“After 3 goes, we came up with 2 prototypes which we showed to Peter Gaze. He thought they were really good! I asked Peter if we could trail them at Brook Waimarama, but it’s a fenced sanctuary without predators, so we trialled them in the ‘halo’ region outside the fence. Peter helped devise a layout and we put 50 up. We worked with Friends of Flora and Project Janszoon to get some trial nest boxes installed this spring. Previous research showed there was a statistically significant increase in riflemen population.”

It was at this point that kakariki came into the picture.

Natureland in Nelson is breeding kakariki for release and they asked if we’d try and come up with something for them to trial. Rats can even cause problems for the breeders,” Kathryn explains.

Like mohua, wild kakariki usually nest in holes in trees, making adult females and the eggs and chicks very vulnerable. Once again, Menz Shed were keen to help.

Men’s Shed Waimea members (from left) Roy Tomlinson, Alan Kissell and Graham Fittock.

“They said ‘we’ll work with you’. Alan Kissell facilitated and Graham Fittock from Menz Shed started looking on ‘Google’ at research. Graham found a pipe design that had been devised for the North American song thrush. The pipe, 15cm diameter was cut on a 49 degrees angle , with cut edges sanded, so that it was too long for predators to enter from the bottom, 18cm, and they couldn’t drop down from the top 36cm. The thrush nested within the tube but kakariki are too big to do that.”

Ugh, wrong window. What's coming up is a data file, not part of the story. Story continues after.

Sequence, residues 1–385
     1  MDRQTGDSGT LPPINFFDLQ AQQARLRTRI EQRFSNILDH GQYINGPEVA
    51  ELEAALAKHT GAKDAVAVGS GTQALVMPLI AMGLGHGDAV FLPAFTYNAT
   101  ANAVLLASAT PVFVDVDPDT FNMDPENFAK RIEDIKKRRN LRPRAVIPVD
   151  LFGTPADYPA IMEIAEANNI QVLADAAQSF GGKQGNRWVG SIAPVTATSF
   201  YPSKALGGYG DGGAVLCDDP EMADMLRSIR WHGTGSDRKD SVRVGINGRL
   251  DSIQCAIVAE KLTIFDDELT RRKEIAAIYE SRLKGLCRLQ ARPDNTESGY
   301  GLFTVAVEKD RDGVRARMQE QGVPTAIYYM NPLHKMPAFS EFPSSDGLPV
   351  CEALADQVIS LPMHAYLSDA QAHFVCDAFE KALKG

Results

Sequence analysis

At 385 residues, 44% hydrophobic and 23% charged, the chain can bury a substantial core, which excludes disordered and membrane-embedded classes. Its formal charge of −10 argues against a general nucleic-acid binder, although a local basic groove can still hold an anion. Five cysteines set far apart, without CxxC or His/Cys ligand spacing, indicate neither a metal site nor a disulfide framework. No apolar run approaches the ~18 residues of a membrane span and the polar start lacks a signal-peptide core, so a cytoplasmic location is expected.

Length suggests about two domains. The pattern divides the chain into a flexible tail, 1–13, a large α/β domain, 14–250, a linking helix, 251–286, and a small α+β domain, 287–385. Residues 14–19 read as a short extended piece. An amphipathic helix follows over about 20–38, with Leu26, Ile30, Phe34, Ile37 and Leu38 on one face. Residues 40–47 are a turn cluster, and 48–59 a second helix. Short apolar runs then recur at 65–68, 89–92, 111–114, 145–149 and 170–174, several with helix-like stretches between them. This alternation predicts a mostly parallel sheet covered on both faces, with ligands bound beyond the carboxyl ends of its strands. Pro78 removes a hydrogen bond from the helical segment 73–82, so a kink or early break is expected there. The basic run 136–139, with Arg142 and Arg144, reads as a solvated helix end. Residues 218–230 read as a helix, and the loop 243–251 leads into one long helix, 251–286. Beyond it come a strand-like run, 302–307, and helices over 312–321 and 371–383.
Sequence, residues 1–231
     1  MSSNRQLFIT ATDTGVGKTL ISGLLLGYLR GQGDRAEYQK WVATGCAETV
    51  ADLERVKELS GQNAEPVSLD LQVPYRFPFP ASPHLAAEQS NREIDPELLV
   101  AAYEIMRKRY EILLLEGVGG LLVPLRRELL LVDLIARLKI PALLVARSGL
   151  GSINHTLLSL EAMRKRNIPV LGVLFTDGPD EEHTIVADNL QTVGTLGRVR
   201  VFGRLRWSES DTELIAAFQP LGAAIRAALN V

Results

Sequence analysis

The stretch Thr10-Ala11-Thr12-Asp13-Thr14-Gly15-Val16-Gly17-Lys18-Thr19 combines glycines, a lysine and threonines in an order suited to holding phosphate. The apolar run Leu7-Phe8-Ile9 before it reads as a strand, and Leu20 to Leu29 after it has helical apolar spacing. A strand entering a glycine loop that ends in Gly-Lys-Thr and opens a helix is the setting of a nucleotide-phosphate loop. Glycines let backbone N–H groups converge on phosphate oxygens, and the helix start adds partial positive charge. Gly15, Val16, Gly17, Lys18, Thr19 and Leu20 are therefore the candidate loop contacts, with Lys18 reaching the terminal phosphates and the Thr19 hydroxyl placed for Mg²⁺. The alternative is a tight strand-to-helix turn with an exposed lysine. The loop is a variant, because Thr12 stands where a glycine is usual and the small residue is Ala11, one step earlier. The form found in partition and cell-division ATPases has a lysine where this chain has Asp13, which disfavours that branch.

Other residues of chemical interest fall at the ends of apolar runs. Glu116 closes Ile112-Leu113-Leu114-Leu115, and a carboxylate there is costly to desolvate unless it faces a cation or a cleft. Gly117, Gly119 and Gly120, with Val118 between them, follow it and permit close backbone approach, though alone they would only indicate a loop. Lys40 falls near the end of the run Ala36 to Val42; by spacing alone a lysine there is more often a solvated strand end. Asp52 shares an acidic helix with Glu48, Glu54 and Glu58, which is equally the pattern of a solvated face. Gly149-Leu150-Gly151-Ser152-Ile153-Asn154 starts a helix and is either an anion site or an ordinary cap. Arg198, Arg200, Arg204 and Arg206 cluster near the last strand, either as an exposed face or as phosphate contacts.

More experimentation followed.

Meg Rutledge at Natureland with kakariki nestboxes, showing predator proof opening.

“We took a kakariki nestbox from Natureland and stuck a pipe on the end,” Kathryn says. “Natureland have yellow and red kakariki nest box designs, so we standardised those into one nestbox that we could make. We also needed to look at the core material, because kakariki gnaw nestboxes and we had to provide a safe, chew proof ladder at the bottom for the chicks to fledge.”

“We knew we could keep predators out, but would red and yellow kakariki use the boxes? Would a smaller pipe work with a metal plate?”

The smaller pipe option turned out to be a ‘no’, then a message came through from Natureland. ‘Yes – the kakariki are using the nestboxes’.

In fact when Kathryn and a journalist went along to Natureland to check the results out, they put a nest box up and 3 kakariki immediately started arguing over it. Not only were they using the boxes – they loved them!

The predator-proof nestboxes are currently being used in Natureland’s rat-free breeding areas and are a precaution should rats ever get in. It also means that kakariki are familiar with the boxes and, when birds are subsequently released, nestboxes are put out at the same time for them to use.